In another case exploring the fringes of the employment relationship in the “gig economy,” the UK Employment Appeal Tribunal (EAT) has held that three drivers for taxi company Addison Lee Ltd were “workers” for the purpose of the Working Time Regulations 1998, Employment Rights Act 1996 and the National Minimum Wage Act 1998. Further, the drivers were “working” for Addison Lee for the entire time they were logged onto a remote system that allocated them jobs (other than when they were on a break), meaning that they were entitled to be paid for this time and not only when they were carrying passengers. The judgment illustrates that a tribunal will examine how an employment relationship works in practice as opposed to simply relying on contractual terms. This means that attempts to structure working practices to avoid the application of workers’ rights are at greater risk of successful challenge.
Addison Lee is a private hire company that engaged drivers on a “Driver Contract,” the terms of which provided that the driver agreed he was an independent contractor (and not an employee) of Addison Lee. Each driver hired a vehicle from a company associated with Addison Lee and granted permission for payments in respect of this vehicle to be deducted from their earnings. When the drivers wanted to work, they would log onto a remote system which would allocate them jobs. They were expected to accept any assigned job and, if they did not accept, they had to provide an adequate reason for their failure to do so, or face possible sanctions.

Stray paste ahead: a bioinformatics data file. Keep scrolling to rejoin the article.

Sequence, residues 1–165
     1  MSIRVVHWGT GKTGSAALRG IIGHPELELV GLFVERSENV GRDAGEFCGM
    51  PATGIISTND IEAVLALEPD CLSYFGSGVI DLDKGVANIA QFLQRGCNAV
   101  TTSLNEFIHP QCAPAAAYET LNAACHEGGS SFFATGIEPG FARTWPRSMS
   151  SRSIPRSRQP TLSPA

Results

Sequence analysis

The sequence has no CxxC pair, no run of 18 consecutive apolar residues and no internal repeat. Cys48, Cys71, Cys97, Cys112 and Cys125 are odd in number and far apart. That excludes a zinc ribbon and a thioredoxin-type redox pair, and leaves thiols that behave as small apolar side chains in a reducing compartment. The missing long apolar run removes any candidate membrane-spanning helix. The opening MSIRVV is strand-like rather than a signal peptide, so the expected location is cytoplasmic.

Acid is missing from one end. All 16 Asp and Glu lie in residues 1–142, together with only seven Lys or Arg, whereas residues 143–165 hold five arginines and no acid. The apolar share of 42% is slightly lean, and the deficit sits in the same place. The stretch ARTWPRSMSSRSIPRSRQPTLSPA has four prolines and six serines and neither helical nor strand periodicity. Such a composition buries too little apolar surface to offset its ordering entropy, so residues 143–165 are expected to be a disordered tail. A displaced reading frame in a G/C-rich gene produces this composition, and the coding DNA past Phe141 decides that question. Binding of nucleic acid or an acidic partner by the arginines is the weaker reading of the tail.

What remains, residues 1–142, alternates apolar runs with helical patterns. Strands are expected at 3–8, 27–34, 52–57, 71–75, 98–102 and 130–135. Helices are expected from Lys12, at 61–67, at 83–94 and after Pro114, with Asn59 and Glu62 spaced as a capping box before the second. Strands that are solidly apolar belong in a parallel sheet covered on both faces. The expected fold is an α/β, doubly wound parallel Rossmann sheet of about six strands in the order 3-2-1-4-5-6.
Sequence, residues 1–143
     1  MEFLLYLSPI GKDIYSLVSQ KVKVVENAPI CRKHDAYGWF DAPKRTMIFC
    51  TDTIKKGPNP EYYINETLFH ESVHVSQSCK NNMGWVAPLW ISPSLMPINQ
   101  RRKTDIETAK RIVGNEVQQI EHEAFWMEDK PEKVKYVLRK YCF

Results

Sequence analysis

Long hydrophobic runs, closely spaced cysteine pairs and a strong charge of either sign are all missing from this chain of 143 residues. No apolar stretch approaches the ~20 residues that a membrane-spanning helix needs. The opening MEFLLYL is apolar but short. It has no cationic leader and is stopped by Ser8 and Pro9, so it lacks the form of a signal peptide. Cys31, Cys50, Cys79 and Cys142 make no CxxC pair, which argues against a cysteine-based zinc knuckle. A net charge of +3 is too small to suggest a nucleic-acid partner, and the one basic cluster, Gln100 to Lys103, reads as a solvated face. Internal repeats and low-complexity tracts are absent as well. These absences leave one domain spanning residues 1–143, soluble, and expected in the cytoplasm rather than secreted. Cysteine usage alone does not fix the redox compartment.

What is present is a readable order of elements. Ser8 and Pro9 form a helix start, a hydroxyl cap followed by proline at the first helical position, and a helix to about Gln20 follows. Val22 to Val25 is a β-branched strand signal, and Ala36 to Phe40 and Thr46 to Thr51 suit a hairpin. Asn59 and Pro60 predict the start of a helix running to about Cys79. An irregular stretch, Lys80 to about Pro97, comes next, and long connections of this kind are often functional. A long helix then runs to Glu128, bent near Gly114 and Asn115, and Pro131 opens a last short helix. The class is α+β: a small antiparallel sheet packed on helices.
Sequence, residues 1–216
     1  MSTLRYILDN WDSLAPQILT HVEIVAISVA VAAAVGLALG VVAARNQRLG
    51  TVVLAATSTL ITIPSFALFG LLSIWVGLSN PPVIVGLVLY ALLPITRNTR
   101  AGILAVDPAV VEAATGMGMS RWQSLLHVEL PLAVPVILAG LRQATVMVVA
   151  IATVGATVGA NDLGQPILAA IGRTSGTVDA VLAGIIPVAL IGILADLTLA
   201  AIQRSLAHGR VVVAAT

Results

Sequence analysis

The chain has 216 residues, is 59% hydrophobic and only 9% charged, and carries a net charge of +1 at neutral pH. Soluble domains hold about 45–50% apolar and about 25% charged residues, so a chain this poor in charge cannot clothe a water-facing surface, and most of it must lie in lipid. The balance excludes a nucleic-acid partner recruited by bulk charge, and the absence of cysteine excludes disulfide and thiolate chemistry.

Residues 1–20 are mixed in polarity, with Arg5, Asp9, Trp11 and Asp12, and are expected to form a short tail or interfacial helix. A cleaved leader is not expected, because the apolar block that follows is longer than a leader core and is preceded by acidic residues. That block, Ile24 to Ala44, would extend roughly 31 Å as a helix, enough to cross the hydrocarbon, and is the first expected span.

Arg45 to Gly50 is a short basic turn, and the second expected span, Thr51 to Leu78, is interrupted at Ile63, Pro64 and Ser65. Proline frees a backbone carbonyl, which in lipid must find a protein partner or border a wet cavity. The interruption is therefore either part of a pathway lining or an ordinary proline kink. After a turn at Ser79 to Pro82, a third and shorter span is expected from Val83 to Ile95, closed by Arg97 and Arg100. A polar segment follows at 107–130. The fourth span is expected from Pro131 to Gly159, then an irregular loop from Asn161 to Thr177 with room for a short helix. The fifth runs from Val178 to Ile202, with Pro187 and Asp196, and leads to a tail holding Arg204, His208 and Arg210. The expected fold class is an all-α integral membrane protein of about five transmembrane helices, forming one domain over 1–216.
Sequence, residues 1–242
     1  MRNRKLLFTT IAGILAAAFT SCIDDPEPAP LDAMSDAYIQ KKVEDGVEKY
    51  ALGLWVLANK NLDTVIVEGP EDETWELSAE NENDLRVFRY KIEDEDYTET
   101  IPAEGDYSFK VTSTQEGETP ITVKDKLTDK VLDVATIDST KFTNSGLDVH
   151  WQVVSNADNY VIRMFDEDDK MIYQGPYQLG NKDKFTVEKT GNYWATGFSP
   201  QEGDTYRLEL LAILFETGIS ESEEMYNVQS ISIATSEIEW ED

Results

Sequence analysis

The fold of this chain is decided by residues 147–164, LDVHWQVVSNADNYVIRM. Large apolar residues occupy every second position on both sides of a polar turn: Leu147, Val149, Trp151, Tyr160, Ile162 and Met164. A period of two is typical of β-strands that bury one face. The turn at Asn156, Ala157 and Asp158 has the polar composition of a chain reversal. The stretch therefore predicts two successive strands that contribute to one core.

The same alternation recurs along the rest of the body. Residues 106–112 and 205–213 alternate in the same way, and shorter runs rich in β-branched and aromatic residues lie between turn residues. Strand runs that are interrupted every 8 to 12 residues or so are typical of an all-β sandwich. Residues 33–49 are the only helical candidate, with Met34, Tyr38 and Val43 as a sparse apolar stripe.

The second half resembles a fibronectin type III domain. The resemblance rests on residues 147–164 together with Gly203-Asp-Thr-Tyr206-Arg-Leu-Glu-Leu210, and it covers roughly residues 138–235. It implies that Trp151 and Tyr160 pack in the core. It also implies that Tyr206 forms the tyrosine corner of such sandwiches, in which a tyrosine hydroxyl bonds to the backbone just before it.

The EAT found that it was appropriate to investigate allegations that the Driver Contract did not represent the actual terms agreed in a “realistic and worldly wise” manner. In doing so, it held that while certain obligations were not spelt out on either side within the Driver Contract, they clearly existed and, under such circumstances, the drivers were in fact “workers.” The EAT went on to find that being available for jobs when logged onto the remote system was an essential part of the service the drivers provided and time spent logged on was therefore “working time.”
“Workers” are entitled to holiday pay and the National Minimum wage and the decision could therefore have financial repercussions for companies who operate under a similar business model.
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